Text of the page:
“By working together we hope to pursue a number of projects that could fulfil the unmet needs of the industry in relation to the control of uterine disease.”

A multi-factorial approach to improve the uterine disease understanding

INRA’s Olivier Sandra said the diverse research skills of the group will enable it to target different areas of the disease, and then combine the knowledge.

“This is a multi-factorial approach designed to understand a lot more about the disease and pathogens involved, with the ultimate aim of finding a solution to combating it.”

Hans-Joachim Schuberth, University of Veterinary Medicine, Hannover, said a particular aim of the consortium is to find out what happens when a pathogen colonises the uterus.

“By understanding what happens within the immune system – which is something we don’t have a clear picture of at the moment – we believe that then we can find the right ways to treat or prevent this disease.”

Research into uterine infection has been neglected compared with other major diseases, Prof Sheldon says, and there are currently no vaccines or prevention strategies.

“Previously individual groups undertook some observational studies, looking at impacts of the disease, or its risk factors. But this is probably the first time a group has come together to try and specifically address the problem.”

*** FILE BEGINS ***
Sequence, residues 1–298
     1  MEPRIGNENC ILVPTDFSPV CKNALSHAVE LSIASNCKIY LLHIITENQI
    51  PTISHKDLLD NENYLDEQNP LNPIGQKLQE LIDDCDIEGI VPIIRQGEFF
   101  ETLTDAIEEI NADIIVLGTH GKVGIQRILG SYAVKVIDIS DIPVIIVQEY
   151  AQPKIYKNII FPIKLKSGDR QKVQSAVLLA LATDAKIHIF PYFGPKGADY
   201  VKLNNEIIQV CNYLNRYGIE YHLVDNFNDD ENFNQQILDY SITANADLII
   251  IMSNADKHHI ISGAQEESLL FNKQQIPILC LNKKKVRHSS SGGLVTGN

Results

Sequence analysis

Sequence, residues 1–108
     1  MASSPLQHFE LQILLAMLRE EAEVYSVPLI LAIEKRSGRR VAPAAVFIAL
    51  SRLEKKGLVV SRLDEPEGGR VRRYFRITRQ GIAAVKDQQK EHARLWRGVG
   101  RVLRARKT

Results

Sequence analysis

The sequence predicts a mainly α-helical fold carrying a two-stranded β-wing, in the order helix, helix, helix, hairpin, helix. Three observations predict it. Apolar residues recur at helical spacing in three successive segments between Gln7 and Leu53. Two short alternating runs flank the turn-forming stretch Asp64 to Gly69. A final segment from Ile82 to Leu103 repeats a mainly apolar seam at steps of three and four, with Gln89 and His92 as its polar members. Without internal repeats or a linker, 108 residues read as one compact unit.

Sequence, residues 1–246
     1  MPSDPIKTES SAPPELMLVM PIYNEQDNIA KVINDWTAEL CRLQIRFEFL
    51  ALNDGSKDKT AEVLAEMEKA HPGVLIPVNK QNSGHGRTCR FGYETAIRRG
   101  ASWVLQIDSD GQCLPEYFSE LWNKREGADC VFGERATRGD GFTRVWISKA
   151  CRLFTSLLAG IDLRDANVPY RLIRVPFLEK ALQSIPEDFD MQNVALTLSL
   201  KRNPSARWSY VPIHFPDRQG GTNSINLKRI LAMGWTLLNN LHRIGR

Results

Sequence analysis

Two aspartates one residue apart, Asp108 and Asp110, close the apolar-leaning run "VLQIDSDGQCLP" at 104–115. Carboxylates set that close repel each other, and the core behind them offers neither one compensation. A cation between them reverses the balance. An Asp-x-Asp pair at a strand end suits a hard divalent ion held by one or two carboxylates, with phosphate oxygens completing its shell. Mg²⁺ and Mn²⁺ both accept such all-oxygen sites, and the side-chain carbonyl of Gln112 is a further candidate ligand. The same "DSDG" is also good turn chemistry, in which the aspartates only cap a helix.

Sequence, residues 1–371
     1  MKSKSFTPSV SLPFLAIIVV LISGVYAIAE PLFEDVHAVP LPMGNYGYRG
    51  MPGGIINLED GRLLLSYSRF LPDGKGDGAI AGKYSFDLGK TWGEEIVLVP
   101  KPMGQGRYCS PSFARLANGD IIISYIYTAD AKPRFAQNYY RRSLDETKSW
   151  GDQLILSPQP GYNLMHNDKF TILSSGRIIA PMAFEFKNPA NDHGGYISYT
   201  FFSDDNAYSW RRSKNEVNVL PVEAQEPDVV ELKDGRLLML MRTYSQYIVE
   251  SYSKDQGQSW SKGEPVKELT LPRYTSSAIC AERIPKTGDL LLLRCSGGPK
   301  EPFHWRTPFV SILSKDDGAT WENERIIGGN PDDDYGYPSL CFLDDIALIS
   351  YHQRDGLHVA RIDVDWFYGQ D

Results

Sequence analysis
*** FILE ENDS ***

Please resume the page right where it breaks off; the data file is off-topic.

Set-up for three years of cooperation, this research programme will aim at advancing awareness and comprehension of uterine disease and ultimately identify ways to develop new preventative solutions for cattle health.

Notes:

Prof Martin Sheldon leads the Reproductive Immunobiology group at the Institute of Life Science, Swansea University, see: www.crib.swansea.ac.uk.

Swansea University School of Medicine was established in 2001, and aims to be a centre of excellence in world-class research and medical education. For further information see: http://www.swansea.ac.uk/medicine/.

Hannover University of Veterinary Medicine (TiHo) was founded in 1778 and is an internationally renowned University with excellent Veterinary Sciences and an interdisciplinary focus. For further information visit: http://www.tiho-hannover.de/.